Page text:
The New York Times has an article talking to the younger Buckley about the whole mess. Christopher seems to express some indecisiveness about how his father (and his mother who also recently passed) would have felt about his actions. But he does say he would have been reluctant to publish his support of Obama had his parents still been alive. Christopher admits, while it has been terribly difficult to lose his parents, it has also been freeing. Here's a quote:
“There is something ironically liberating when the father figure dies,” he said, sitting in his study, surrounded by his books and family mementos, including the manual Royal typewriter on which, he believes, his father wrote the 1951 classic, “God and Man at Yale.”“You are for the first time, I think, fully your own man,” he added. “It’s also awful. I miss him every day. But I can now write about things I was not terribly comfortable writing about.”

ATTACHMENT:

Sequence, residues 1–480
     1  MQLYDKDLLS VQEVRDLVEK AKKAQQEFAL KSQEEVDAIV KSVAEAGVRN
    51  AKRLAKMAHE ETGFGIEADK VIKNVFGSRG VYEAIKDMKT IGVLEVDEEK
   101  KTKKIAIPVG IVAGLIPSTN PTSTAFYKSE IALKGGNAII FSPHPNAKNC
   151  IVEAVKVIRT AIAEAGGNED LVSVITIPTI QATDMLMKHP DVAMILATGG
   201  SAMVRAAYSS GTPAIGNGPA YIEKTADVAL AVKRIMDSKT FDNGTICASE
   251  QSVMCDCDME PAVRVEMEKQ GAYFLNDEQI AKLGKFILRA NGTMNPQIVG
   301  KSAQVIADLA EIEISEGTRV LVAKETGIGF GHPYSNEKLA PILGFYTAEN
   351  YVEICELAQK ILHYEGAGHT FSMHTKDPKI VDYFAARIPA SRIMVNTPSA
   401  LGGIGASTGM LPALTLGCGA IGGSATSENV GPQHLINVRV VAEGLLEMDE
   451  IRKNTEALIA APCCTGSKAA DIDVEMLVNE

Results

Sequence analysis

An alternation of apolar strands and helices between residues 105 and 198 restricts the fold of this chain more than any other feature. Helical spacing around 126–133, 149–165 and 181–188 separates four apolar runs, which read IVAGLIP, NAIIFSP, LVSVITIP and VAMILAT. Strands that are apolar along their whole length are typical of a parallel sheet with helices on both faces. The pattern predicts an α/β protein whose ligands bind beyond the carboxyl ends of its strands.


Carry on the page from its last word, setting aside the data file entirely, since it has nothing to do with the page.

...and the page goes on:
It reminds me of a book I blogged about a few months back, Death Benefits by Jeanne Safer. I haven't had a chance to read it yet, but it's on my wish list, and I heard the author on the Diane Rehm show. Safer writes about the opportunities for growth that can come out of a parent's death. It's a profoundly intriguing idea. And I can certainly see where, if anyone would have a problem stepping out of their parent's shadow, it would be someone with a strong, successful parent like William Buckley.